Host Protein Triggers Infection by Smallpox-Related Viruses

Steve Broyles is part of a research effort that may help prevent terrorists from using smallpox and similar illnesses as biological weapons. Broyles, shown in his lab, is a professor of biochemistry at Purdue University. Purdue Agricultural Communication photo/Tom Campbell 

By Susan A. Steeves

For the first time, scientists have shown that a protein in the nucleus of victims' cells triggers progression of smallpox-related illnesses, a finding that could help prevent use of such viruses as bioterrorism weapons.

Purdue University scientists found that poxviruses move to the second and third stages of development by recruiting a protein, called TATA-binding protein, in the nucleus of mammals' cells.

"This protein is required for activation of the middle- and late-stage poxvirus genes," said Steven Broyles, a Purdue biochemistry professor. "In the past, we were just groping around. We now have a model for how the poxvirus growth process is orchestrated."

Their research results are published in the current issue of the Journal of Virology, a publication of the American Society for Microbiology. The study is currently available online.

Although the last naturally occurring case of smallpox was in Somalia in 1977, experts believe that the disease and related viruses could be used as biological weapons.

Though most potential biological weapons occur naturally, it's possible that bioterrorists could engineer viruses and bacteria to increase their virulence, make them resistant to currently used vaccines and drugs, or partner two biological agents to make a new, more lethal illness, according to the Centers for Disease Control and Prevention (CDC).

People no longer are vaccinated against or exposed to smallpox since it was eradicated. However, laboratory stockpiles of the virus still exist in the United States and other places around the world, CDC experts report. If some of the virus were released, either in its common or a mutated form, a health crisis could result.

Two types of the most common smallpox form, variola major, almost always are fatal, according to CDC statistics. Overall, the average death rate of all types of variola major is about 30 percent.

In order to guard against a terrorist-planted or spontaneous outbreak, major scientific efforts are under way to learn how smallpox and similar illnesses so effectively can halt normal cell activity in mammals, including humans. If scientists understand the biochemical changes that allow pox viruses to cause illness, and also the processes that allow the disease-causing organisms to mutate, it may be possible to create new vaccines and treatments that could be used should outbreaks occur.

Smallpox, monkey pox, cowpox and camel pox, all members of the virus genus Orthopox, are large brick-shaped molecules. Because the pox viruses have the largest genomes of all animal viruses, the finding that these diseases recruit a victim's proteins was surprising, Broyles said.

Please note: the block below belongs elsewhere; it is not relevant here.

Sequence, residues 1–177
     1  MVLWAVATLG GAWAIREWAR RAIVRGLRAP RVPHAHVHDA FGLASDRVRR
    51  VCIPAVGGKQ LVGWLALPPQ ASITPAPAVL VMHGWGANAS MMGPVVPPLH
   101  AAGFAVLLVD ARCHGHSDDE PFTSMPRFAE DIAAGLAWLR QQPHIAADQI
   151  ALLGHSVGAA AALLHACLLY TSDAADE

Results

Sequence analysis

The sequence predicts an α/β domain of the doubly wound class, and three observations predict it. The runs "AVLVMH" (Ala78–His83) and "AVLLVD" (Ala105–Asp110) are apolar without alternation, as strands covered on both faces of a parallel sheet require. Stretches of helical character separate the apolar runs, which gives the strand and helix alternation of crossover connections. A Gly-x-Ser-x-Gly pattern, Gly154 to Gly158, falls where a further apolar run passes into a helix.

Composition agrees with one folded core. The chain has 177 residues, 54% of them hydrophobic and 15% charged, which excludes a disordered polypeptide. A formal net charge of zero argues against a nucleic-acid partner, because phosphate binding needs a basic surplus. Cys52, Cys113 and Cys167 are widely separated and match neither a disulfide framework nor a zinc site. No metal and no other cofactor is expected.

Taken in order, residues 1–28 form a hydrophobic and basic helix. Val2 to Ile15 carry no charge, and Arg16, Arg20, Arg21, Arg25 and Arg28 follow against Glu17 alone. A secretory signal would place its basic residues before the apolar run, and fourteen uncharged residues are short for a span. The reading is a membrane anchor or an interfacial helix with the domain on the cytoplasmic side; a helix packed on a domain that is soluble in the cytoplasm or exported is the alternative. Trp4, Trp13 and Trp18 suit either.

"Poxviruses are very adept at clamping down on the cell and not letting go," he said. "These viruses are proficient in shutting down everything the host cell does."

Some poxviruses are more dangerous for animals than for people, but all cause everything from blisters to death. Monkey pox, a rare member of this virus group that usually infects monkeys, rodents and children in central Africa, appeared in the upper Midwest United States in 2003. Monkey pox, though not as virulent as smallpox, produces many of the same symptoms, including fever, pus-filled blisters and respiratory problems.

The U.S. monkey pox cases were the first known human incidents in the Western Hemisphere. An imported rodent apparently spread the disease to some pet shop prairie dogs. The people who contracted the disease had direct contact with the animals.

In all, the CDC identified 72 cases. No one died in the U.S. outbreak, although in Africa the fatality rate is as high as 10 percent.

Another of the poxviruses, vaccinia, has a genome that is 97 percent identical to the smallpox genome. Because of this similarity, vaccinia has been used as a vaccine against smallpox.

Broyles and his research team used vaccinia to find out how poxviruses progress. They knew that specific vaccinia genes are expressed at specific stages of the disease, but scientists didn't know what activated these genes, causing a cascade of events culminating in the virus controlling the host cell.

The Purdue researchers studied vaccinia's genetic makeup at the intermediate and late stages of the biochemical process that leads to a takeover of victims' cells. The scientists analyzed the resulting data and discovered that the pox virus was grabbing the TATA-binding protein (TBP) from the host cell.

TBP acts as a timer switch to turn on poxvirus intermediate- and late-stage genes, Broyles said.

"We identified TATA-binding protein as being at the center of the ability to activate the promoters - the genes that make the virus' progression and control possible," he said. "The virus begins the process by grabbing the protein out of the host nucleus. The protein comes out and hits the trigger on the virus to start the chain of events that allows the virus to attack the cell."

Now the researchers are investigating what signals the virus' genes to grab the TBP and what signals TBP to hit the trigger.

The other researchers involved in this Purdue-funded study were Bruce Knutson, a Purdue biochemistry doctoral student; Xu Liu, now a researcher at U.S. Patent and Trade Office in Alexandria, Va.; and Jaewook Oh, now with the Department of Microbiology at the University of Pennsylvania School of Medicine.

Source: Purdue University